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Take care of your cows and they will take care of you

Fetal programming, also known as “developmental programming,” has been a hot topic for a number of years now. When we consider fetal programming from a nutritional perspective, we think of the lasting impacts gestational maternal nutrition has on calves. I have often heard farmers and ranchers say, “If you take care of your cows, they will take care of you,” and this certainly rings true.

We often think about fetal programming during late gestation. Naturally, we begin thinking about the upcoming calving season after last year’s calves are weaned. During the last trimester, we know that nearly 70 percent of fetal growth occurs. However, for a calf to be able to grow at an exponential rate during that time and remain healthy (also equating to increased performance and profitability) during its postnatal life, giving the calf a head start early on during gestation will be most beneficial.

Unfortunately, the nutritional focus during early pregnancy often gets put on the back burner. There’s a lot to keep up with in late spring and early summer! Cows and bulls are turned out on grass, we’re busy with breeding and we get caught up baling forages to feed cows over winter. You may think the cows are doing just fine from a nutritional perspective. But, they (and their developing calves) might be missing out on more than you realize.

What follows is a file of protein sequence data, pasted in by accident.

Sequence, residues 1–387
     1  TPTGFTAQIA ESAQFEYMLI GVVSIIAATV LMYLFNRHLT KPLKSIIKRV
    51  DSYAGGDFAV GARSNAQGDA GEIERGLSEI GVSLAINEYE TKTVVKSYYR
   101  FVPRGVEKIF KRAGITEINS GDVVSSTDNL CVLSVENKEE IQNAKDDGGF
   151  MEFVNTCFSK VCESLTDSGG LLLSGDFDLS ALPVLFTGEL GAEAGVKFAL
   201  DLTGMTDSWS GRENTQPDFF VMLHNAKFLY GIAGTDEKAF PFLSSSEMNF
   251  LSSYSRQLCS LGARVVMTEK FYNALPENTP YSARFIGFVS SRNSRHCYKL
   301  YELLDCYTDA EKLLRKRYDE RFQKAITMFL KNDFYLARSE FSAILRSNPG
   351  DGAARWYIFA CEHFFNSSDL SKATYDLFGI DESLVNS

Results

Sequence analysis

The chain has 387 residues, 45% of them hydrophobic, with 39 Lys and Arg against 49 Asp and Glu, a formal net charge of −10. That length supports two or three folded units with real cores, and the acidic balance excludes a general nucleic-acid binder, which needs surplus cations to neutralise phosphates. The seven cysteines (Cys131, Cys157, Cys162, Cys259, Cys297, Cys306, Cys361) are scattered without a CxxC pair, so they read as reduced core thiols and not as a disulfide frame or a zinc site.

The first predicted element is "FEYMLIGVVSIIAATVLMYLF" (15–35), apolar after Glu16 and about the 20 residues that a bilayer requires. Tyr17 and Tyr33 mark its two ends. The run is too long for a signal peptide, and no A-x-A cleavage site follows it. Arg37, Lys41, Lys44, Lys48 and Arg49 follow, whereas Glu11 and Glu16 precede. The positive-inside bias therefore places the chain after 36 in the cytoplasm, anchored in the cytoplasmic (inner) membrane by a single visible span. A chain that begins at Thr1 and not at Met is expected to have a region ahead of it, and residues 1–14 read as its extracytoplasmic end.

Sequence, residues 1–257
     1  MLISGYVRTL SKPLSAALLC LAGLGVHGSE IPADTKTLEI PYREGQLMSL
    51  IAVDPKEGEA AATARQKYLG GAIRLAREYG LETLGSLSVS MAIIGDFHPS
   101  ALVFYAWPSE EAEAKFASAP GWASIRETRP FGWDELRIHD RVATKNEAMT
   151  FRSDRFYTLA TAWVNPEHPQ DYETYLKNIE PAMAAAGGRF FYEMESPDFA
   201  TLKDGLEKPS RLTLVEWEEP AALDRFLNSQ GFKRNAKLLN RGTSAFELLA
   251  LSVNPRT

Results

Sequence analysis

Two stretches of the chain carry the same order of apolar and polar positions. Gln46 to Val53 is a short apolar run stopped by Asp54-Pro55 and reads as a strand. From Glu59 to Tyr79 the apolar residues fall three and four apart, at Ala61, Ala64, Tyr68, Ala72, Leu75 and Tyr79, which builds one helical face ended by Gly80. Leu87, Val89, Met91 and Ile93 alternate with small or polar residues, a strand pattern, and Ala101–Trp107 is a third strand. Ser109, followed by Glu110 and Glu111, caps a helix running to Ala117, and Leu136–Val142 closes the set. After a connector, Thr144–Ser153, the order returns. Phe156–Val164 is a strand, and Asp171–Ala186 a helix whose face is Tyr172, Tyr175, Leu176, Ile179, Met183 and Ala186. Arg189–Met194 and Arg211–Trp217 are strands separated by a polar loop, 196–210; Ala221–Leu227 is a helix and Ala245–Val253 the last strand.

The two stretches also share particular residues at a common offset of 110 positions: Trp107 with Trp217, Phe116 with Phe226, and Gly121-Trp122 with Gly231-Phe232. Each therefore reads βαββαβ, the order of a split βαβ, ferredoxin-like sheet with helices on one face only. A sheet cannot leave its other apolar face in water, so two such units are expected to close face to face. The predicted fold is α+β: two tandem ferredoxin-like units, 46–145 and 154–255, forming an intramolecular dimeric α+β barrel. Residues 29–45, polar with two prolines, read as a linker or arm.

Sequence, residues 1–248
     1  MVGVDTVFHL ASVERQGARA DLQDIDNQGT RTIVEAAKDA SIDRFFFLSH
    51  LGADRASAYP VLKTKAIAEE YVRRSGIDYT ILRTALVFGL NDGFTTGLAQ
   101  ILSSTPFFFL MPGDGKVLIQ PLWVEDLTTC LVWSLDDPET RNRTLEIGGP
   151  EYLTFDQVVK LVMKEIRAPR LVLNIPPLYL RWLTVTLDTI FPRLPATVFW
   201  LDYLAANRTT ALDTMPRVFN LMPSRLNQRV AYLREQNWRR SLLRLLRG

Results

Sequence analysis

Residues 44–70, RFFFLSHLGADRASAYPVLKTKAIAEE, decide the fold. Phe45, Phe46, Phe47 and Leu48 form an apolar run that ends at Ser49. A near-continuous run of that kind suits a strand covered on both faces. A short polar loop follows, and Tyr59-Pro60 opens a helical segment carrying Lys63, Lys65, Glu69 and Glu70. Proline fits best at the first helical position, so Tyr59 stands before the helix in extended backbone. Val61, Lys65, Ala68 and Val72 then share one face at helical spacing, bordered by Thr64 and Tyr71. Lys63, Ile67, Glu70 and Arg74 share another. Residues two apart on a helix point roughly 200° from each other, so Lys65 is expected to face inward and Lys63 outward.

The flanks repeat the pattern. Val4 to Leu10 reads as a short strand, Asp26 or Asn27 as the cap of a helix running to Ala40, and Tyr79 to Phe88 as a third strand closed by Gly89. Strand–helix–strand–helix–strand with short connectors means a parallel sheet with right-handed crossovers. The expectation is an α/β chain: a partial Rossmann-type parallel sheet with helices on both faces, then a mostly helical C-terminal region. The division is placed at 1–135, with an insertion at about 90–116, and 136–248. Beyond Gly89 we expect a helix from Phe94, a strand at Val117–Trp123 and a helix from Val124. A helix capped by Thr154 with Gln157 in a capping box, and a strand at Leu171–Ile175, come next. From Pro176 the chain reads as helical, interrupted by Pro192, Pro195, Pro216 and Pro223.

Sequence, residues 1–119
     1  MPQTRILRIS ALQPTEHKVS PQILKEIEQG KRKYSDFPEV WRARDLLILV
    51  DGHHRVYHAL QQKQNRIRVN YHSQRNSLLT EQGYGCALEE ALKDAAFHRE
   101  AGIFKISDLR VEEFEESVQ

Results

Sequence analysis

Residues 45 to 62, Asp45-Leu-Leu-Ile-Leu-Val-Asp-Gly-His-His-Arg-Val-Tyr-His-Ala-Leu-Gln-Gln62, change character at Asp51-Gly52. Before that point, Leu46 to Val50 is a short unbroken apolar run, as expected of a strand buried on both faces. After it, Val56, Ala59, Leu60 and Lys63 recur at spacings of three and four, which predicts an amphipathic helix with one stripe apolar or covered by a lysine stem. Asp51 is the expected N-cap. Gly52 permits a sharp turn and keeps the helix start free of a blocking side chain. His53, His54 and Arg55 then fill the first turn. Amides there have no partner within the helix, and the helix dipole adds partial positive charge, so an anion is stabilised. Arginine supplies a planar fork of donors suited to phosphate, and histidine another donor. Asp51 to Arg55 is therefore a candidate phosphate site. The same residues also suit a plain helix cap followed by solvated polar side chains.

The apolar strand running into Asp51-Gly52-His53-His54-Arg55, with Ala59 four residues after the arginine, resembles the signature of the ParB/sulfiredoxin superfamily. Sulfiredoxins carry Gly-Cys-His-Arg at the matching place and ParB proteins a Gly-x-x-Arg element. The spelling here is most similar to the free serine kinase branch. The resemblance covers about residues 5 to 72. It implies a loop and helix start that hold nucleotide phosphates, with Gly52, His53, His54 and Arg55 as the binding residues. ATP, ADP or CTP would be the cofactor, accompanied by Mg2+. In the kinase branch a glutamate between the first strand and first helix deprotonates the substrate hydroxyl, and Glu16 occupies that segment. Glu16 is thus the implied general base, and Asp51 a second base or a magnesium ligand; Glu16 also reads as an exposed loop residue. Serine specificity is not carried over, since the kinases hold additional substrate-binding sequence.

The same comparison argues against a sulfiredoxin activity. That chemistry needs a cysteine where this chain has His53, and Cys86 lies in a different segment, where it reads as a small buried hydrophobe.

Get with the (fetal) program

Although fetal nutrient requirements during early and mid-gestation are minimal (making up less than 12 percent of the cow’s total requirements), from a production standpoint, the beginning of gestation occurs at a time when a cow’s nutrient requirements are greatest due to the increased demand of lactation.

During early gestation (up to approximately day 90 in cattle), the placenta and many vital fetal organs are developing. The placenta is responsible for carrying all of the nutrients and oxygen to the growing and developing calf. It also transports waste products away. Placental formation is crucial in early gestation in order to optimize vascularity and nutrient transfer to maximize blood flow for the calf’s overall growth. Placental measurements have been recorded when cows are restricted during early gestation. The restriction of nutrients has been reported to have negative impacts later in gestation, even if they are fed to meet their requirements during late gestation. The results of restricting nutrients early on included smaller placenta sizes and decreased blood flow to the calf (Vonnahme et al., 2007, 2013).